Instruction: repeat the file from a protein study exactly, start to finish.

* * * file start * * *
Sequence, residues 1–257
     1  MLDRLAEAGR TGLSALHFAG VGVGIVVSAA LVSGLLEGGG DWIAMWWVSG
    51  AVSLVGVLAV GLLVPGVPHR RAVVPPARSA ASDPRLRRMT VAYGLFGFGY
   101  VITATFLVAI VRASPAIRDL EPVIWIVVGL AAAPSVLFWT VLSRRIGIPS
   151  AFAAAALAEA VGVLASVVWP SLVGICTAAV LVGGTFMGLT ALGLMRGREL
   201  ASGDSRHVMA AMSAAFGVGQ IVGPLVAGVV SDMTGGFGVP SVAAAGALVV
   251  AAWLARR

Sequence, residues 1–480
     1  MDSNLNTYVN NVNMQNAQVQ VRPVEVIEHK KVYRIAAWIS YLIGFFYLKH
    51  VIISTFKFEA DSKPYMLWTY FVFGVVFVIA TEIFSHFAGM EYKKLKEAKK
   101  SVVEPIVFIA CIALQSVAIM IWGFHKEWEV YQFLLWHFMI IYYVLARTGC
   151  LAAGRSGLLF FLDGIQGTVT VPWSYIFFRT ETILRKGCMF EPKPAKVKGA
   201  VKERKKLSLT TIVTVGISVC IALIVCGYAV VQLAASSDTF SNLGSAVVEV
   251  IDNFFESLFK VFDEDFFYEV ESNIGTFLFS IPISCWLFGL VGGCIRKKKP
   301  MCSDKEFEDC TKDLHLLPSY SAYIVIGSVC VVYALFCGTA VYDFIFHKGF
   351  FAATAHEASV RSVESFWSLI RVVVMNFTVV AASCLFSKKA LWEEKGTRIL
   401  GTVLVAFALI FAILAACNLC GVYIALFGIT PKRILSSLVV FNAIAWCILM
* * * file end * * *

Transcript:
Sequence, residues 1–257
     1  MLDRLAEAGR TGLSALHFAG VGVGIVVSAA LVSGLLEGGG DWIAMWWVSG
    51  AVSLVGVLAV GLLVPGVPHR RAVVPPARSA ASDPRLRRMT VAYGLFGFGY
   101  VITATFLVAI VRASPAIRDL EPVIWIVVGL AAAPSVLFWT VLSRRIGIPS
   151  AFAAAALAEA VGVLASVVWP SLVGICTAAV LVGGTFMGLT ALGLMRGREL
   201  ASGDSRHVMA AMSAAFGVGQ IVGPLVAGVV SDMTGGFGVP SVAAAGALVV
   251  AAWLARR

Sequence, residues 1–480
     1  MDSNLNTYVN NVNMQNAQVQ VRPVEVIEHK KVYRIAAWIS YLIGFFYLKH
    51  VIISTFKFEA DSKPYMLWTY FVFGVVFVIA TEIFSHFAGM EYKKLKEAKK
   101  SVVEPIVFIA CIALQSVAIM IWGFHKEWEV YQFLLWHFMI IYYVLARTGC
   151  LAAGRSGLLF FLDGIQGTVT VPWSYIFFRT ETILRKGCMF EPKPAKVKGA
   201  VKERKKLSLT TIVTVGISVC IALIVCGYAV VQLAASSDTF SNLGSAVVEV
   251  IDNFFESLFK VFDEDFFYEV ESNIGTFLFS IPISCWLFGL VGGCIRKKKP
   301  MCSDKEFEDC TKDLHLLPSY SAYIVIGSVC VVYALFCGTA VYDFIFHKGF
   351  FAATAHEASV RSVESFWSLI RVVVMNFTVV AASCLFSKKA LWEEKGTRIL
   401  GTVLVAFALI FAILAACNLC GVYIALFGIT PKRILSSLVV FNAIAWCILM